I talk to my dogs so much I even wrote a post about it, just to remember those special moments and chit-chats we had. The irony of our daily conversations is in the fact that, with a few exceptions, I hardly ever talk to people, but I always talk to dogs… my dogs, any dogs… And somewhere in my head I always remember reading about the benefits of not talking to dogs because they would find us practically annoying. Yet I can’t help it, I simply can not keep quiet in a presence of a dog I adore.
To my relief, a new study popped up the other day. A group of Hungarian researches took 12 dogs aged between 2-10 years, 8 males and 4 females including 6 border collies, 5 golden retrievers, and a German shepherd (at this point I started singing “….and a partridge in a pear tree…) and nicely asked them to lie quietly in fMRI machine whilst listening to a few spoken words delivered in various combinations by the same person.
Some of these words were praise words and others – neutral. The scientist discovered that the dogs did not simply respond to human speech – they reacted differently to the emotional tone of the words and the words they recognised meaning that their brains processed the information in exactly same way as humans’. Interestingly, the emotional tone of the voice played an important role, especially in older participants.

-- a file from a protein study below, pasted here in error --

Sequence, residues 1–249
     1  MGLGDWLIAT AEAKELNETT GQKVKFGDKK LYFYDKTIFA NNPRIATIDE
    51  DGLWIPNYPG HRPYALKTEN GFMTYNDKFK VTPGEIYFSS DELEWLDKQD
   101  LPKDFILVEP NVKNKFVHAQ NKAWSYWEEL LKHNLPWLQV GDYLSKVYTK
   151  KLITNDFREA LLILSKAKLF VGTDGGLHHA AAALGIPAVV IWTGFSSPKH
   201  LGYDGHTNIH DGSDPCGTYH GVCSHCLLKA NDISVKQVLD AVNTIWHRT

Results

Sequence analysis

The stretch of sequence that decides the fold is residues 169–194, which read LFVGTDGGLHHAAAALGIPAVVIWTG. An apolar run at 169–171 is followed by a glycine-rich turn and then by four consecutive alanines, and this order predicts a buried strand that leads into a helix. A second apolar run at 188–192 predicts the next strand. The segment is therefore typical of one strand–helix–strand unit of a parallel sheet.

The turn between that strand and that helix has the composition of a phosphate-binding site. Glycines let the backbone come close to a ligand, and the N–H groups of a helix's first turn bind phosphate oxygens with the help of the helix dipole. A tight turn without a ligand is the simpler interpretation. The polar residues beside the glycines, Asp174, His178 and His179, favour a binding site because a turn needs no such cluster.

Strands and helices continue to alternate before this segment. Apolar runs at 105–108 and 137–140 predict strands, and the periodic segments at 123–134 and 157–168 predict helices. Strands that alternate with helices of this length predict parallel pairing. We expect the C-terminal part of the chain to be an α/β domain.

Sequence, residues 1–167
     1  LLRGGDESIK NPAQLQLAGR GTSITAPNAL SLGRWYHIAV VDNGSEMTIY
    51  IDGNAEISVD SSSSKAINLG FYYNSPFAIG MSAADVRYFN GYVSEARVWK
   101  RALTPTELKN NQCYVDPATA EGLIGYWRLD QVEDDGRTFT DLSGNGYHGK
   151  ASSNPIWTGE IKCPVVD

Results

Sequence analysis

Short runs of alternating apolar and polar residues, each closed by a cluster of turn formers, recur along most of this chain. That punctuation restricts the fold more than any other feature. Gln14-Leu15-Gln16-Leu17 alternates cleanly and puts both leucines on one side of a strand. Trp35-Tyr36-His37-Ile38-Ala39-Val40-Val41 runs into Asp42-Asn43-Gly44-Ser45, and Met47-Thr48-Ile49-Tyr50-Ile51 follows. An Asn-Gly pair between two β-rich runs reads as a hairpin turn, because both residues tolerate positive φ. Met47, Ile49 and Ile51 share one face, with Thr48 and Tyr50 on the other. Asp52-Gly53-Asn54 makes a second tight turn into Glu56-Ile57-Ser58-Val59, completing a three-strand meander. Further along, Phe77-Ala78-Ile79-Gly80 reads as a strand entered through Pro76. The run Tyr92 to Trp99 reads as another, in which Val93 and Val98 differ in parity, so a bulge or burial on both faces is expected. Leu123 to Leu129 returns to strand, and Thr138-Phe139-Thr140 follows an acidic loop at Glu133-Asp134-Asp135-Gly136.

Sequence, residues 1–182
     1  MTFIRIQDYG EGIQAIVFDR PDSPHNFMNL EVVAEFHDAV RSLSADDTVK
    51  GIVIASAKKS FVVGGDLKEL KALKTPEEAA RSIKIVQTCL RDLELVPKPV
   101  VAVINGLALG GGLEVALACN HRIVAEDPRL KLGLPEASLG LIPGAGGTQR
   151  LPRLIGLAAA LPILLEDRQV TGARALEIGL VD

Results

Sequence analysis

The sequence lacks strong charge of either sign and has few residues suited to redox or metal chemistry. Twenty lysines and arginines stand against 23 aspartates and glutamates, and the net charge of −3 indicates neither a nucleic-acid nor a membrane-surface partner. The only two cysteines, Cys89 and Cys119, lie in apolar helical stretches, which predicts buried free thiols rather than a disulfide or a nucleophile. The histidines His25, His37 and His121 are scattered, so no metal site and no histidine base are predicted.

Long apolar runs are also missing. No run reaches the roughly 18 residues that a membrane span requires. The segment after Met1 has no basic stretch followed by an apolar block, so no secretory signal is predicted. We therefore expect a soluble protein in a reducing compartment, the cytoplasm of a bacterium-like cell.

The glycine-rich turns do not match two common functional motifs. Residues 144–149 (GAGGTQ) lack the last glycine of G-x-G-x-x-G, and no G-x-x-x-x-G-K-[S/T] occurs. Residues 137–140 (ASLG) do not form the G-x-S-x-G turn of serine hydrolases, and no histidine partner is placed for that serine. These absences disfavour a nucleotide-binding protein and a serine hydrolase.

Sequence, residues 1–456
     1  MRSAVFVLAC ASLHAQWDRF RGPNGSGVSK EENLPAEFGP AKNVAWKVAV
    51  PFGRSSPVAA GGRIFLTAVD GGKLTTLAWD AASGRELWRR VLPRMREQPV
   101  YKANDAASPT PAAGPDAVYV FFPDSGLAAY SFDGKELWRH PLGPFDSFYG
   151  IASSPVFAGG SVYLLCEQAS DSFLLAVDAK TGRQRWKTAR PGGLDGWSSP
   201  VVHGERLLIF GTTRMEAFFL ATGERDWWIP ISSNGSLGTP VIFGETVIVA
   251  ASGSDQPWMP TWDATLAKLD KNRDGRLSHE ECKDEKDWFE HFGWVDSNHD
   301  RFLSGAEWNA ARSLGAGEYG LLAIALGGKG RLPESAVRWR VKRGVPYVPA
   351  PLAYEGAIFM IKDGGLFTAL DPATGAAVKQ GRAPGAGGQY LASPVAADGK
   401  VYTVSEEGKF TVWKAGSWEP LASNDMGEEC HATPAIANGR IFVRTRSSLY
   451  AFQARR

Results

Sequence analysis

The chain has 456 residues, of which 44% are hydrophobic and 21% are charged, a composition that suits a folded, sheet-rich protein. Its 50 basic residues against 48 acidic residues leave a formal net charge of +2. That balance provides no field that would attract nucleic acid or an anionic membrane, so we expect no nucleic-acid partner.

“To dogs, communicating effectively with humans and associating meanings to words is highly relevant”, wrote the scientists. Even though more research is needed, it was clear that certain words were more than just a tone for the dogs, meaning that the dogs can somehow process the speech separately from acoustic pitch, following the original ancient path of speech evolution in humans.
They may not be able to engage in a proper discussion with us, but dogs most definitely listen, understand and respond to our ramble – both physically and emotionally. Just like humans.
I guess this gives me a free path to continue talking to my pups, any time, anywhere…
Photo credit: image by Free-Photos from Pixabay